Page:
Domestic growth expected to improve in 2022
Rising food and energy prices are expected to cloud the prospects for a stronger recovery in the growth of the national economy.
This risks exacerbating unemployment, poverty and inequality in the country. Meanwhile, mounting inflationary pressures on the domestic cost of living are a major concern for the most vulnerable members of society, especially as they are disproportionately affected by unwavering increases in commodity prices. .
This was the stark reality shared by Bank of Namibia Governor Johannes !Gawaxab late last week in his presentation on the state of the economy to CEOs of state-owned enterprises. The 7th Annual General Meeting of the SOE Business Leaders Forum was held in Oranjemund, //Kharas Region.
Despite the escalation of risks for the national economy! Gawaxab said the bank continues to forecast positive growth in 2022, fueled by mining exploration, diamond production, agriculture, forestry and fishing.
“Despite challenges such as water supply constraints and rising input costs, the uranium mining sector is expected to grow at a healthy pace in 2023. Finally, growth in metal ores will be supported by increased production from the gold sub-sector, which accounts for the majority of metal ores,” !Gawaxab said.
Meanwhile, domestically, inflation has already started to rise and is expected to rise further for the rest of 2022, mainly due to high international crude oil and food prices.
!Gawaxab explained that through its monetary policy, one of the main mandates of the Bank of Namibia is to contain inflation and ensure sustainable development. To protect the peg of the exchange rate to the rand and begin to normalize interest rates, the monetary policy committee raised the Repo rate by 25 basis points in February 2022 and another 25 basis points in April 2022.
The Governor indicated that this should continue in order to protect the peg and prevent the flight of capital to other member states of the Common Monetary Area (CMA).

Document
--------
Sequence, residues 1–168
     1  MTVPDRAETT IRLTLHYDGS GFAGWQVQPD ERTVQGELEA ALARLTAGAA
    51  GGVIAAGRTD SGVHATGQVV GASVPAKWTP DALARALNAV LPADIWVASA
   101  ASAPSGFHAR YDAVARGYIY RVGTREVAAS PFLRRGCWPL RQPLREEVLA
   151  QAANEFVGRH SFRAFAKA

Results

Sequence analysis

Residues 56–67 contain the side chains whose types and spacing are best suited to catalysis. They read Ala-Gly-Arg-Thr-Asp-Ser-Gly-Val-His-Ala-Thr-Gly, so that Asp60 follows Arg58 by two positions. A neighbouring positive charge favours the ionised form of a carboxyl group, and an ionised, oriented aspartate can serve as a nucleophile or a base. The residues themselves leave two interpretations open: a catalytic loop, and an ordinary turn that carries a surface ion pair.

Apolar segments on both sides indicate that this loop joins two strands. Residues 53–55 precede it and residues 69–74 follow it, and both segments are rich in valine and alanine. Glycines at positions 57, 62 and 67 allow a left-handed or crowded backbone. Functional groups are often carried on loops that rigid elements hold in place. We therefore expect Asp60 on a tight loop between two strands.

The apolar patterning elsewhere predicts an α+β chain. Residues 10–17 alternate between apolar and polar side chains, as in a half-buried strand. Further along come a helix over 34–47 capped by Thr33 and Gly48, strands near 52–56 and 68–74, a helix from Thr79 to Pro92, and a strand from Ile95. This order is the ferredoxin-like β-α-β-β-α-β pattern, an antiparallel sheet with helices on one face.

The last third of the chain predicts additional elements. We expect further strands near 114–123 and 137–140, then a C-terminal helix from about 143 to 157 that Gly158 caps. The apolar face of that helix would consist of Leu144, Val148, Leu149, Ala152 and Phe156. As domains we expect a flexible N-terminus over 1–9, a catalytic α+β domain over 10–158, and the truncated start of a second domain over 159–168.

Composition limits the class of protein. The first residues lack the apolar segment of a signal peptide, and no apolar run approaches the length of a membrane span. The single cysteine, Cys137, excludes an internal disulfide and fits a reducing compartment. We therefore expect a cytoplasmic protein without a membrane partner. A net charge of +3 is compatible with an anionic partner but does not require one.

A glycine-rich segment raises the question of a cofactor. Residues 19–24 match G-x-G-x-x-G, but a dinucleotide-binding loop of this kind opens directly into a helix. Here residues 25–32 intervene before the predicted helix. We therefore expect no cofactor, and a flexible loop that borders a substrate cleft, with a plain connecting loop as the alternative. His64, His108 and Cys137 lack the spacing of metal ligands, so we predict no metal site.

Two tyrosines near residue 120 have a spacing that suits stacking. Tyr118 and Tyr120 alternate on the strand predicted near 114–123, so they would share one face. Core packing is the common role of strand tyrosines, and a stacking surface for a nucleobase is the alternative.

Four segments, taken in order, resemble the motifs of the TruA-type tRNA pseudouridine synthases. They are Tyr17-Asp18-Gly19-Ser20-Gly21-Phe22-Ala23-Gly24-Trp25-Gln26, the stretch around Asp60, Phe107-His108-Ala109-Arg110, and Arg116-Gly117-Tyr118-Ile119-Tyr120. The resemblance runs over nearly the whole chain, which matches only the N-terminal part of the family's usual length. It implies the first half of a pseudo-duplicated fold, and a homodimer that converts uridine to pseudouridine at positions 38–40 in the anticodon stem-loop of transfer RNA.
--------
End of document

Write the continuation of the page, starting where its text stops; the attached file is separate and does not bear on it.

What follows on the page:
During his presentation, !Gawaxab said that the war in Ukraine is a watershed moment in history that reshapes geopolitical developments, and as a result, many countries, including Namibia, are facing serious headwinds and downside risks through various channels.
The governor explained that four major developments dominate the global and national economies: the Russian-Ukrainian war, a global increase in interest rates, the re-emergence of Covid-19 and the threat of another global economic downturn. In this regard, the IMF revised down global growth for 2022 from 4.3% to 3.6% in April this year, largely due to war and supply chain disruptions.
The presentation also covered financial stability in Namibia, exemplified by the performance of the banking sector, citing an adequate capital position in 2021 and early 2022 despite a challenging economic environment.
In this regard, the modification of the Determination on the policy changes of the relief measures extended to SMEs has been extended until April 2023. The extension was prompted by the challenges that continue to be encountered due to Covid- 19.
!Gawaxab said that to accelerate economic recovery, Namibia must accelerate the adoption of the Covid-19 vaccine to achieve collective resilience amid the winter season.
Regarding the country’s economic recovery strategy, he emphasizes attracting much-needed foreign direct investment which he said should be accompanied by appropriate policies to create a business-friendly environment.
!Gawaxab also called for the implementation of the diversification plan drawn up by the Harvard Growth Lab, the Ministry of Finance and the National Planning Commission in key economic sectors.
Finally, !Gawaxab said that despite significant global and national challenges, Namibians should remain optimistic and capitalize on the opportunities presented by the country’s abundant natural resource endowment (green hydrogen, oil, gold, uranium, etc.). .), which he believes will ultimately increase the country’s growth.